A snowstorm blew into Lawrence this morning, and forecasters warn that biting cold temperatures and gusty arctic winds expected in the next few days can spell danger for local residents who don't dress appropriately when outside.
A local weather forecaster and the National Weather Service in Topeka are advising people who go out in the cold to bundle up and especially cover their faces and hands. The severe weather can cause injury or death, officials say.
"This is the most underestimated kind of weather," said Mark Bogner, forecaster for the Kansas University Weather Service. "People are always worried about tornadoes and severe thunderstorms, but they don't realize how serious this is."
THE WEATHER system is expected to dump about two inches of snow on the area by tonight and drive temperatures below zero, he said. Tonight's low temperature is expected to dip to minus 5 degrees, and Friday night's low is expected to be minus 1 degree, he said.
As of noon today, the Kansas Turnpike Authority and the Kansas Highway Patrol reported that the snowy conditions did not appear to hamper motorists. No accidents had been reported and roads remained open.
Locally, a dispatcher at the Douglas County Judicial and Law Enforcement Center said this morning that five accidents had been reported between 8 a.m. and 11:30 a.m.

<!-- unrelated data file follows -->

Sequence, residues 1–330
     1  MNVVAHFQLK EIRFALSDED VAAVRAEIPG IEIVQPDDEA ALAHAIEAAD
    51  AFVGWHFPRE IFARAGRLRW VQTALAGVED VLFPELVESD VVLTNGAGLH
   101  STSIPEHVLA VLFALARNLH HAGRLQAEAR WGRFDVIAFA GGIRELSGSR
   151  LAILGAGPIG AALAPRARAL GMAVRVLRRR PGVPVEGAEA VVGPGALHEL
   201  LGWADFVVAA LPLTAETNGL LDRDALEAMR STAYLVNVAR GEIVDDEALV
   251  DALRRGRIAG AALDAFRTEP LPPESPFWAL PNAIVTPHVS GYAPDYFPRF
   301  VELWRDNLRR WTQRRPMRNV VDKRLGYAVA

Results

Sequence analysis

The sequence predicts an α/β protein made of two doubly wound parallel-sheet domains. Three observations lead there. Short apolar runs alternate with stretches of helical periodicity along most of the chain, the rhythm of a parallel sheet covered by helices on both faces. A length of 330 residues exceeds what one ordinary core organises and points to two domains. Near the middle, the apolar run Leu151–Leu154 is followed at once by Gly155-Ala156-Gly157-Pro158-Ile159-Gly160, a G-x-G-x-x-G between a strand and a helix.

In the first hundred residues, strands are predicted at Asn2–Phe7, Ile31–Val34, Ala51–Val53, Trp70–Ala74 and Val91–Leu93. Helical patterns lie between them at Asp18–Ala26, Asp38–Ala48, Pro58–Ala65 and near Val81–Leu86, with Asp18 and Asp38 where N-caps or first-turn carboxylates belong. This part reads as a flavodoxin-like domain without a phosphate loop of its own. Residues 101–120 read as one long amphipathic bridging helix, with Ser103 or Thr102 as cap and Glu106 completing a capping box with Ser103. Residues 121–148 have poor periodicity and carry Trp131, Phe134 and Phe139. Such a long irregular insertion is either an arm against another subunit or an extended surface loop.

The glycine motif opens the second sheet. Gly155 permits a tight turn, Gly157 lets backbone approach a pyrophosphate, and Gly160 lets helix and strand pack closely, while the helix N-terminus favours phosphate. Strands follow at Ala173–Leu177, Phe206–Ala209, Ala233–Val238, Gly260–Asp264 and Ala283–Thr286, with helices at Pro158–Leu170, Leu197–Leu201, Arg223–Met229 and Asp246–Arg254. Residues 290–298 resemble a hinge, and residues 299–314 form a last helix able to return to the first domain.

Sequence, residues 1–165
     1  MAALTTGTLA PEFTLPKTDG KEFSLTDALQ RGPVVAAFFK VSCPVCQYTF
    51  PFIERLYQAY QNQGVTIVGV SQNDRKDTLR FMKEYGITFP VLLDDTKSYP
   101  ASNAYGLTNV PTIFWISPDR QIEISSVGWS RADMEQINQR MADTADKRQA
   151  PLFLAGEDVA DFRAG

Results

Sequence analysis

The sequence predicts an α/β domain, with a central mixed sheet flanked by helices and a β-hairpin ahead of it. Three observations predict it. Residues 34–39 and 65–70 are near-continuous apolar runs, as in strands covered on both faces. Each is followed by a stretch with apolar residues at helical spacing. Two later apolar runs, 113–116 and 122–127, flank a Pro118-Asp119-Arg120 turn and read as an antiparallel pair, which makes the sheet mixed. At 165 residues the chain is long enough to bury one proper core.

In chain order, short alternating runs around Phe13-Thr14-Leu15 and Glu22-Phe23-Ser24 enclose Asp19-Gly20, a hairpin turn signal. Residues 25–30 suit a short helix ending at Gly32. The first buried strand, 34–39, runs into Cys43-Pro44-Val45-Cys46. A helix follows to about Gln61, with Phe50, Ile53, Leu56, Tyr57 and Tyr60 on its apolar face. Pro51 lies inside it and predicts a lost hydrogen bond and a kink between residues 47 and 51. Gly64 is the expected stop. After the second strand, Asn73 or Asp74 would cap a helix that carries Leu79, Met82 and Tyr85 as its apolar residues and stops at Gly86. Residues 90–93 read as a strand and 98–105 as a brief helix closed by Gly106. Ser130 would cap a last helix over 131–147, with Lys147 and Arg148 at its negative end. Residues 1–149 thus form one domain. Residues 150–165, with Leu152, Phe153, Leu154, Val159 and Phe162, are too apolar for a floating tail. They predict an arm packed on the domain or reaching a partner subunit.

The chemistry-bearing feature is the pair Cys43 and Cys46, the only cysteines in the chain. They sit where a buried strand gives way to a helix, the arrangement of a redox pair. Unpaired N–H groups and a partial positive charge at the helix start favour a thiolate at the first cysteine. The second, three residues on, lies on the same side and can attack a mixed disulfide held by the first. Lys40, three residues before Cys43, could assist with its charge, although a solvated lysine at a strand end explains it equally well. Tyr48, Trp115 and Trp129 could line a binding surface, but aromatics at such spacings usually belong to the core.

The severely cold temperatures predicted for tonight and Friday, combined with wind, can produce dangerously low wind chill factors, Bogner said.
Bogner is predicting wind chills from 30 to 35 degrees below zero today and tonight and 25 to 30 degrees below zero Friday.
WIND CHILL is the combined effect of temperature and wind that makes it feel much colder than the thermometer registers, Bogner said.
Bogner knows about cold weather and its potential dangers. He has six discolored, frostbitten toes that still hurt when they get cold. They were frostbitten about six years ago.
Bogner cautioned area residents to protect themselves from the cold and wind and from frostbite by wearing several layers of clothing. Frostbite, which is a drying, burning effect on the skin caused by the cold and wind, also is described as a "cold burn" that permanently damages nerve endings, he said.
One of the most dangerous things about frostbite is that it can occur quickly and without the victim knowing it, he said.
THE EXTREMELY low wind chills expected to hit the area are the result of arctic air moving in from the north, which is bringing with it strong, cold winds.
"It's sort of doing double duty," Bogner said.
As the temperatures and wind chill factors plummet, Salvation Army Capt. John Churchill is expecting more people than usual to seek refuge at the agency's shelter, 946 N.H.
Tonight, Churchill said, he expects about 20 overnight guest in the church gymnasium. On less severe nights, from 12 to 15 people will sleep at the shelter, which opened Nov. 1 this year.
Next week, the Salvation Army plans to move the shelter to a house it is renting at 924 N.H., just north of the church.
THE NEW shelter will be open 24 hours a day and will include a full program of classes and individual counseling, Churchill said.
"We hope we'll be able to help some individuals, but we're not going to be able to solve the whole problem," he said.
Churchill said that even now, on bitterly cold days people don't have to wander around town until the shelter opens at night. They are welcome to stay inside the building, he said.
"We keep the coffee brewing and donuts and things here for them," he said.